by Jon Gunson, Architect

The history of kitchens over the last two thousand years has almost come full circle. In ancient times, the focus of survival was shelter and food. The cave or primitive hut provided both functions in one space which was used for living, sleeping, and eating. This was all gathered around an open fire that cooked the food and warmed the room.

As civilization progressed over hundreds of years, the cooking area became no longer the focal point of the home but rather a secondary space, in a cramped corner of the house. The mother, or perhaps a servant, hidden from view of the family and guests, prepared the meals which then magically appeared in another separate room devoted to dining.

Today’s kitchen has once again become the hub of the home. It is not only where we prepare our meals, it is the gathering place for eating, planning, relaxing with our family, and welcoming friends. Therefore, the planning and equipping of your kitchen is one of the most important considerations in designing your home.

Certainly you want your kitchen to be in character with the rest of your home and to be attractive and inviting to your guests, but you will be working there most often; so first and foremost, it must meet your personal needs and preferences. It must be designed according to the way you prefer to work while keeping in mind that there is nothing attractive, no matter how beautifully appointed, about a kitchen that doesn’t function well.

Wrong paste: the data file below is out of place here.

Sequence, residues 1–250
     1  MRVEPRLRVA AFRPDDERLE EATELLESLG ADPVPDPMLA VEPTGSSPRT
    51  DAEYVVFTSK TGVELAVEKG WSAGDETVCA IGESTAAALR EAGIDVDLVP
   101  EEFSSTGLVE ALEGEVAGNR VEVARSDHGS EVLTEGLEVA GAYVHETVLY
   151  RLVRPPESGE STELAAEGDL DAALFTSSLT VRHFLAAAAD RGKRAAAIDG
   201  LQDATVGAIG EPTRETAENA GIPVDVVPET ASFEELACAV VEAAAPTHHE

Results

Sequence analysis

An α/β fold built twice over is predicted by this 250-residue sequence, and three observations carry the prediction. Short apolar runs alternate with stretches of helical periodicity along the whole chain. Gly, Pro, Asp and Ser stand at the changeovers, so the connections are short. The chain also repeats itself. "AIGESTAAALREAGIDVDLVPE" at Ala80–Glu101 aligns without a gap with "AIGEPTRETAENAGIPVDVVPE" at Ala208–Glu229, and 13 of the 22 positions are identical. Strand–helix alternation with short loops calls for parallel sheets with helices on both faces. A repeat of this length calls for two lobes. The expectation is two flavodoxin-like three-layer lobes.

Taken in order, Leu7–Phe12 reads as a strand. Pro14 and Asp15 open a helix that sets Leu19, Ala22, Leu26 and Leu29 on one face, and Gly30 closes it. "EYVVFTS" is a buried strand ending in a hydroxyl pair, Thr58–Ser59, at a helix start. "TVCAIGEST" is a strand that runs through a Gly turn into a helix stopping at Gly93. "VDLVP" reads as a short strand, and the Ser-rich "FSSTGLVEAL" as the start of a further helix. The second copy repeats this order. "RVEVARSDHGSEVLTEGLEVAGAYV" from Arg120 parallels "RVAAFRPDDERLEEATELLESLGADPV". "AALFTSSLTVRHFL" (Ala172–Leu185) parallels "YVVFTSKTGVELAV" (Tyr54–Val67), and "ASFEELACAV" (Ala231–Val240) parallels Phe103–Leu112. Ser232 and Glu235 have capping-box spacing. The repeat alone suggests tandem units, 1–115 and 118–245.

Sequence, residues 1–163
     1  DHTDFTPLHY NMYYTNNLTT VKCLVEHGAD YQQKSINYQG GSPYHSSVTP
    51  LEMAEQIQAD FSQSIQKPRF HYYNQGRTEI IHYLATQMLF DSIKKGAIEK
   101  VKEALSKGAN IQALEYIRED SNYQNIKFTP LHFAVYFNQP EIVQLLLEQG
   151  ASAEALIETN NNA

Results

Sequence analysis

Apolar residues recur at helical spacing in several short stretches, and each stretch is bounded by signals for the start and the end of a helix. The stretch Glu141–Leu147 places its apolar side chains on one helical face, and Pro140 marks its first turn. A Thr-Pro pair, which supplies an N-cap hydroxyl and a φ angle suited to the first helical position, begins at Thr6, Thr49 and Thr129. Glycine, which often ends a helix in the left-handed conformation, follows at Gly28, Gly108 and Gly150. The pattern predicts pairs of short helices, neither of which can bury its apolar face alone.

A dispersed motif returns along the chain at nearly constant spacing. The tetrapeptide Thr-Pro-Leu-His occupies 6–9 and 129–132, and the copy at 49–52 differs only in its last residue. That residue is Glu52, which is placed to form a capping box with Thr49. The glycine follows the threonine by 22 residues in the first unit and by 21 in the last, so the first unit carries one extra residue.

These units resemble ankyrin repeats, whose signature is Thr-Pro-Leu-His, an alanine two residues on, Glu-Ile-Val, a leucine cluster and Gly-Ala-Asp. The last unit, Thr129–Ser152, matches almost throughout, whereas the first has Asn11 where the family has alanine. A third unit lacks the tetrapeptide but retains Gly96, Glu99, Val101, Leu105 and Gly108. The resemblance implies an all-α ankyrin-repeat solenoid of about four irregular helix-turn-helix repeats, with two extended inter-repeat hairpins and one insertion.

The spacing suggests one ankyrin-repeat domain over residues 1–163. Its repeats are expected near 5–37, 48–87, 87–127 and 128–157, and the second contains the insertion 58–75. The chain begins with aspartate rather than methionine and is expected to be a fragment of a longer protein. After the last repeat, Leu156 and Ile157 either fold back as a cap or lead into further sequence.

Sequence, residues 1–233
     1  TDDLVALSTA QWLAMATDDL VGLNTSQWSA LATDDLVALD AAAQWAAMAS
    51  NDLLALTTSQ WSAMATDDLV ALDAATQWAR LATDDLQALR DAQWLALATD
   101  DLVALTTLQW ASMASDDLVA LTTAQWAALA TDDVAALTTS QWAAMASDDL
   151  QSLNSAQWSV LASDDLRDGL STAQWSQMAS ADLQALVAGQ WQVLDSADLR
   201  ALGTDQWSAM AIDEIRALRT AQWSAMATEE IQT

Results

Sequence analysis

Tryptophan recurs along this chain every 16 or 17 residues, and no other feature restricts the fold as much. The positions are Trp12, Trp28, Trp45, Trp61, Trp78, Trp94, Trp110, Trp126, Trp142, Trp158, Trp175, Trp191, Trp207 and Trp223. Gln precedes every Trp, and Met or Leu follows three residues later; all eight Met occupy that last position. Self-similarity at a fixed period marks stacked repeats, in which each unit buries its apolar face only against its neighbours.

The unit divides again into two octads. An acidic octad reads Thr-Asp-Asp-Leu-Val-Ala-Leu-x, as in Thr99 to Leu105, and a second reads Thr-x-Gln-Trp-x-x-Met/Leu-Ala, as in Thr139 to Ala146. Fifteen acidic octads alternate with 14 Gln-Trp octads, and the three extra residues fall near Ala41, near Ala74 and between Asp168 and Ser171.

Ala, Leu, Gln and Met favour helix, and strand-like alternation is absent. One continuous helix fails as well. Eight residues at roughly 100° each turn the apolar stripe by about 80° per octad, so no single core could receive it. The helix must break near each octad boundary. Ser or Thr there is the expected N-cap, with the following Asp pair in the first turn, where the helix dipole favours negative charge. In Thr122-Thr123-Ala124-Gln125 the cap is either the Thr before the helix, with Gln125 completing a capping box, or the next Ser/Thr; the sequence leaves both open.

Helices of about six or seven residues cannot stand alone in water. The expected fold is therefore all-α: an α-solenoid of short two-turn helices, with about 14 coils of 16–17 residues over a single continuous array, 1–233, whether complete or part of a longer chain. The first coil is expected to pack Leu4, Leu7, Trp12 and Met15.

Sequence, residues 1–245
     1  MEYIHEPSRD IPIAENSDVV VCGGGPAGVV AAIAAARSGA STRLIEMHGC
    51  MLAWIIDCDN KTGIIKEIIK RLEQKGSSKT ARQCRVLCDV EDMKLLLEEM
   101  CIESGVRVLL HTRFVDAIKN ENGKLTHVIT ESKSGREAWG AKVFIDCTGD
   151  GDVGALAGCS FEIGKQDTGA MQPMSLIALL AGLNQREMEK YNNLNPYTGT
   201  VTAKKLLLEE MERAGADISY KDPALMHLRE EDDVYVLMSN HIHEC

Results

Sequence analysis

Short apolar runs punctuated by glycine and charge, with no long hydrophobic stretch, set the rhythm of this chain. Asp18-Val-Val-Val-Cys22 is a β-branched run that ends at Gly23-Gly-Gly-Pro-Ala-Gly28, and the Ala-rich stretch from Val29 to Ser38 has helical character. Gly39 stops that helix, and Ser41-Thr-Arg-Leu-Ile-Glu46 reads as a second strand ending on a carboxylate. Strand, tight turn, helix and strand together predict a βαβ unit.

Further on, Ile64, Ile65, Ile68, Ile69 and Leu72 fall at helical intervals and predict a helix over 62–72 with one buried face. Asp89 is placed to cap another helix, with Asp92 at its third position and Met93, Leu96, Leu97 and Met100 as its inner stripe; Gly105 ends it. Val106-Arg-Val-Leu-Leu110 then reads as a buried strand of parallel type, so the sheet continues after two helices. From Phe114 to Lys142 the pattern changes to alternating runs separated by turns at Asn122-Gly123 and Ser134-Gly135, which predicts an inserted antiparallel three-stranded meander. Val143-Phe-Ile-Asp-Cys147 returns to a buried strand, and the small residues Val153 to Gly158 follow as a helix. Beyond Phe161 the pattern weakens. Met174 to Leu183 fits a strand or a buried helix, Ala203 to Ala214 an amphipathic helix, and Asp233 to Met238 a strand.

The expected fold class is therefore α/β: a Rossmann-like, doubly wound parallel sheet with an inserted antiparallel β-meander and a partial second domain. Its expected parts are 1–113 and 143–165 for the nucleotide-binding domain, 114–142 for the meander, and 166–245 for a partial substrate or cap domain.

Kitchen design is a very personalized part of what is already a custom home. I like to have in-depth discussions with my clients about each aspect of their kitchen in order to design it to meet their personal preferences. However, in order to make the kitchen functional, these preferences should be woven together within the fabric of good design principals. These principals are based on common sense: You need to have places to work on things and you need to have places to store things. Continuing this logic; it makes sense to store things near the place you want to work on them. However, it gets a bit more complicated when we ask how much space is needed for work and storage and where should it be located for efficient use? The answer to these questions is that a well designed kitchen should have 3 essential work centers, which each relate closely to a major appliance along with its own cabinetry and counter space.

  1. The Preparation Center incorporates the refrigerator and easy access to a sink with a disposer; either the main sink or one specifically for this purpose. This area can be on a center island or a side wall but it should be close to the cooking center for efficiency. This is where the food is selected, sorted, washed, sliced, diced, and measured; so it also needs adequate counter space, proper cutting surfaces, and space for other ingredients as well as knives, utensils, and mixing bowls.
  2. The Cooking Center features the cooking surface and an exhaust hood. This area often includes the oven below the cooking surface. However, some cooks prefer stacked double ovens which should be located nearby as a baking center and avoid using critical counter space next to the cooking surface. In either case, the cooking area should have adequate heat resistant counter space to receive the ingredients from the preparation center. It also needs storage (preferably drawers) for pots, pans, baking sheets, and various utensils for handling hot food and containers. This center is often considered the focal point of the kitchen and on a very visible wall, or it can be located on an island with easy access from the other work centers. Since the cooking center is also used for plating the food, consideration should be given to access of a serving counter or the dining area.